The sudden and unstoppable rise of smartphone culture in China brought a lot of great things. We got WeChat, probably the world’s most advanced all-in-one social media/messenger platform. We got mobile payment and shared bikes, as well as the necessary infrastructure to support the country’s impressive e-commerce boom. We also got food delivery from every restaurant ever, for which we are exceedingly thankful.
But every positive development has its evil side — in China, the smartphone boom came part and parcel with a huge jump in smartphone addiction.
We wouldn’t say that lightly if it weren’t a well documented thing. In June, a 13-year-old jumped from his fourth story balcony after his father scolded him for spending hours on mobile game King of Glory instead of studying. In the hospital, the child demanded his father bring him his phone, so he could log back into the game. Also last year, a 21-year-old woman went blind in one eye, diagnosed with a Retinal Artery Occlusion after playing the game continuously for hours on end.
13-Year-Old Who Jumped Off Balcony Shines Light on Gaming Addiction Among Young Chinese
The rise of zhai nan (宅男) and zhai nü (宅女) — literally, home boy and home girl — is another manifestation of the smartphone lifestyle. The phrase refers to people whose lives revolve around phones and staying indoors — when you can get entertainment, food, sexual comfort, some degree of professional productivity, and social interaction all from your phone, getting up and going outside suddenly becomes a lot less attractive.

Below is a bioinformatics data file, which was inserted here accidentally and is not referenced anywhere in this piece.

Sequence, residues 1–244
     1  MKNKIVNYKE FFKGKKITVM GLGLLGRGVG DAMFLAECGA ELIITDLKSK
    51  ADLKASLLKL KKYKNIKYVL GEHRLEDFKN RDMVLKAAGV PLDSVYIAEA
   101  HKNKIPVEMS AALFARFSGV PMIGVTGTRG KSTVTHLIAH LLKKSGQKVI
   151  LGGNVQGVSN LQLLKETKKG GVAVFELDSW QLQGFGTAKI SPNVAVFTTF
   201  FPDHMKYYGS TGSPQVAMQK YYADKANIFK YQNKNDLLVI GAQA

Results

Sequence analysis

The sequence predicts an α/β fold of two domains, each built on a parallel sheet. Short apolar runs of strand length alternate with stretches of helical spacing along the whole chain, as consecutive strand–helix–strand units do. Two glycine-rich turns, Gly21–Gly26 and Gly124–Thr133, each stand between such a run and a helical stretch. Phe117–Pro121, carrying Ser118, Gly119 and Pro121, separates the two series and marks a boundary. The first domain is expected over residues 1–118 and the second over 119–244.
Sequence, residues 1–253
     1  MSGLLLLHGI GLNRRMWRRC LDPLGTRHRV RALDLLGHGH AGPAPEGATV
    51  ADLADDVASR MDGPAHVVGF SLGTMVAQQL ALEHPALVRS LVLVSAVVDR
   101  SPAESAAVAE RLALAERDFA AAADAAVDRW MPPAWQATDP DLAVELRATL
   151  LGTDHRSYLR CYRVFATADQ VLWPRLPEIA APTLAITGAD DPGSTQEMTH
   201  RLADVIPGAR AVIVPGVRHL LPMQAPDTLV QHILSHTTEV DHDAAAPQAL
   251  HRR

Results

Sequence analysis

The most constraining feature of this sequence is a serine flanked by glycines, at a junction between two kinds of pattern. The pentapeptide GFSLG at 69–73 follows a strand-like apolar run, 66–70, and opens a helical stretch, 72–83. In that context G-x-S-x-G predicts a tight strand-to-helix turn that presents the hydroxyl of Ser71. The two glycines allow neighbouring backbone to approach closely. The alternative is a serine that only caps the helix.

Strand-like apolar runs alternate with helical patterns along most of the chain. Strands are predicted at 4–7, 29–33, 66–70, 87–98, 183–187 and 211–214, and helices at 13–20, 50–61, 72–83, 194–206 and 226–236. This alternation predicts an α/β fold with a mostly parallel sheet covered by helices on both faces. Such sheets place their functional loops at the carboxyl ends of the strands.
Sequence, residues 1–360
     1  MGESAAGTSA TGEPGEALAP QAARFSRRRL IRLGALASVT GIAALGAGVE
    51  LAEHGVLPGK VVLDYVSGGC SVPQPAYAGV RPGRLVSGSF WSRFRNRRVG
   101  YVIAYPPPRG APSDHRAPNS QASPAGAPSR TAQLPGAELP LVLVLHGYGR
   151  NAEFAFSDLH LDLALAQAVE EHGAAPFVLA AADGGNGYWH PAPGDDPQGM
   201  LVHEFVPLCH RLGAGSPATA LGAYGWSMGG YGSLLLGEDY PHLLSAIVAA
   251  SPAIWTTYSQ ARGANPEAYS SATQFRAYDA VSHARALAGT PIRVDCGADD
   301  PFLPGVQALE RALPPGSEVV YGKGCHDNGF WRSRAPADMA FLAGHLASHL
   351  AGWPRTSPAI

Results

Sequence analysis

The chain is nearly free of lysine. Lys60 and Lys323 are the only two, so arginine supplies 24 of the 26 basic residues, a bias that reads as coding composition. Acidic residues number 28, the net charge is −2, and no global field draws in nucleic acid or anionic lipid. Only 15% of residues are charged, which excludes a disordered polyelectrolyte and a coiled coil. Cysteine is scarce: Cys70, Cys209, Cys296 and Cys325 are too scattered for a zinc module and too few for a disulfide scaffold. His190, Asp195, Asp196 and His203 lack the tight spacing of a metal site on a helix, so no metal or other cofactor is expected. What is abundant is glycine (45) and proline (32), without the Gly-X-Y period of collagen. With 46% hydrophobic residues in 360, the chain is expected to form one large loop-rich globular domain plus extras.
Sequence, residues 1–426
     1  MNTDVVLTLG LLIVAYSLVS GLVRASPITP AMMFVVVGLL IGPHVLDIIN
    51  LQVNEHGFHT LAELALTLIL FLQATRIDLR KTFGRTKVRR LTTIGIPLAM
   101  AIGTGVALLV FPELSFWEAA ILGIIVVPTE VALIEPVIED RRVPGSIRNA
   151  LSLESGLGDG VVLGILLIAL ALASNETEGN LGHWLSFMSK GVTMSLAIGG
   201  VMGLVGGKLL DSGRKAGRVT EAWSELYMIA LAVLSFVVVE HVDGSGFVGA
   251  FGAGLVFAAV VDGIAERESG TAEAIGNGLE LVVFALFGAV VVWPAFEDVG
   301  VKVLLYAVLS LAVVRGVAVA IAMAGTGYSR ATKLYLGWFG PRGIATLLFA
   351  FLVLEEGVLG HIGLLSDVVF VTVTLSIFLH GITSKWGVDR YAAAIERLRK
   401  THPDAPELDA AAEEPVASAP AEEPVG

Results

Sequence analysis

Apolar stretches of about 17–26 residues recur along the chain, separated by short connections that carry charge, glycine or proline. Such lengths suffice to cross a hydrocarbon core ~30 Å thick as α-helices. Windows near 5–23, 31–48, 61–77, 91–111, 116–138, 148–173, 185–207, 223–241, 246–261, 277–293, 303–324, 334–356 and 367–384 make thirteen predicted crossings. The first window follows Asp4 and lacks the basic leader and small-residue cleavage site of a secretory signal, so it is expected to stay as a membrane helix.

So in the wake of all this, China’s government has been letting loose a wave of decrees aiming to save people from their phones.
For one, short video platform Douyin just introduced an “anti-obsession” measure that alerts users when they’ve been spending too much time on it. The app is similar to musical.ly, and lets you perform an impressive range of edits to make your videos pop — basically, it just helps you take selfie videos. You can link them up to timing on songs, and emphasize cute hand gestures and kawaii facial expressions… basically all the video editing capabilities you’d need to entrance an audience of Chinese teenagers.
The app will cycle automatically, from one hypnotic six-second video to the next, without pause. It kind of did for short smartphone videos in China what Vine did overseas, but with the editing feature built-in.
A Douyin video compilation
Now though, when you watch selfie videos for 90 continuous minutes, the app will deliver a message, which we imagine probably says something like yo are you sure about this, bro? Once you’ve watched for two hours in one day, you’ll be automatically logged out, and need to log in again and do some serious self-evaluation before you continue. Live streaming and comments have also been disabled, though only temporarily while Douyin undergoes a mysterious “system upgrade.”
Tencent, too, has suspended the ability to play short-form videos in its WeChat and QQ messaging apps. Now, instead of playing right there inside the app, where the videos can easily sink their cybernetic teeth into the vulnerable attention spans of Chinese youth, they have to be pasted and clicked on as outside links. That’s like ten extra seconds! Ah yes, capitalizing on short attention spans as a means of discouraging involvement in short attention span-focused content. Quite ingenious.
Regulation of social media and online content is changing daily at dizzying speeds, to the point that it’s nearly impossible to keep up with. But we’re going to do our best — stay tuned.
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